JAMB CBT: May Review post-UTME, says UNILORIN VC

The Vice-Chancellor, University of Ilorin, Prof. Abdulganiyu Ambali, has said that universities in the country may review their position on the post-Unified Tertiary Matriculation Examination if the current computer-based examination continued to be efficient.
The Joint Admissions and Matriculation Board this year fully inaugurated the CBT for candidates seeking admission to the nation’s tertiary institutions.

The VC spoke in an interactive session with journalists in Ilorin on Monday.

Ambali said, “The University of Ilorin was the first to start CBT and I am glad that it is being embraced nationwide, especially by JAMB.

“So, let us give JAMB a couple of trials and once the board restores confidence in the system, many universities may review the need for their post-JAMB. But in the meantime, we will continue to watch JAMB to see how consistent it would be in handling its CBT.”

Meanwhile, a professor of Agricultural Economics at the UNILORIN, Prof. Olubunmi Omotesho, has called on the government to give agricultural development a priority.

This, he said, would fast-track development, industrialisation and national food security.

He spoke while delivering an inaugural lecture of the university entitled, ‘Let the Small-Scale Farmer be in Good Standing.’

Canvassing that greater attention be given small-scale farmers, he noted that it would help them in producing enough food for the nation.

The don, who called the government to support farmers, also urged it to increase import tariff on agricultural products into the country.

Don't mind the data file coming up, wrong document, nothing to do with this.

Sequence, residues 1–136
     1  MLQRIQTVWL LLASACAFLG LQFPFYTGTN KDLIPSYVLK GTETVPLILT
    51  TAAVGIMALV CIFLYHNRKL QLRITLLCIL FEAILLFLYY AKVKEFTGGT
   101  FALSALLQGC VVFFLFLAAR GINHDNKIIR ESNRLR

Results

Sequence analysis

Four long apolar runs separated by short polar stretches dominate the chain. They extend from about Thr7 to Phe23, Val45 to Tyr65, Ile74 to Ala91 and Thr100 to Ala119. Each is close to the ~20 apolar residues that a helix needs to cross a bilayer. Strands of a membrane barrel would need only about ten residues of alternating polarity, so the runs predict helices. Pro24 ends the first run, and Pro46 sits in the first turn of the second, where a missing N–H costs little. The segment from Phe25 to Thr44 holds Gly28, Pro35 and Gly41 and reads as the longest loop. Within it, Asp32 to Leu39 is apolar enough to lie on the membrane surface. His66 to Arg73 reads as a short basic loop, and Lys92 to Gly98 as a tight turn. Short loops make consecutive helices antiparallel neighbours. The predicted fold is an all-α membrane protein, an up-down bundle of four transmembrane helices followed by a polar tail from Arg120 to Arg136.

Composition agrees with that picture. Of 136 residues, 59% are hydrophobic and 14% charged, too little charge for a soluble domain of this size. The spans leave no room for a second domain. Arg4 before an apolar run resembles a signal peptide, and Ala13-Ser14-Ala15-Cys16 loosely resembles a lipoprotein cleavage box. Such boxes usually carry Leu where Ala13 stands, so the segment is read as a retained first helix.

According to him, this would form a part of agricultural products protection policies needed to protect Nigerian farmers.

Omotesho said, “Currently, agricultural lending represents only about two per cent of the total lending of banks in Nigeria. This performance is below the level of other developing countries like Kenya, which registers 6 per cent.

“Lack of reliable access to credit is therefore a major impediment to improving small farm operations and enhancing the livelihoods of rural households.

“In order to ensure a better performance of modern credit institutions and make farmers to access to credit facilities, the government, in conjunction with various agricultural financial institutions, should review the interest rate on loans to the smallholder farmers.

“It should move it from about 14 per cent to less than five per cent. It should also simplify the loan application process, ensure timely disbursement of loans to beneficiaries and scale down the amount of collateral demanded by the institutions.”

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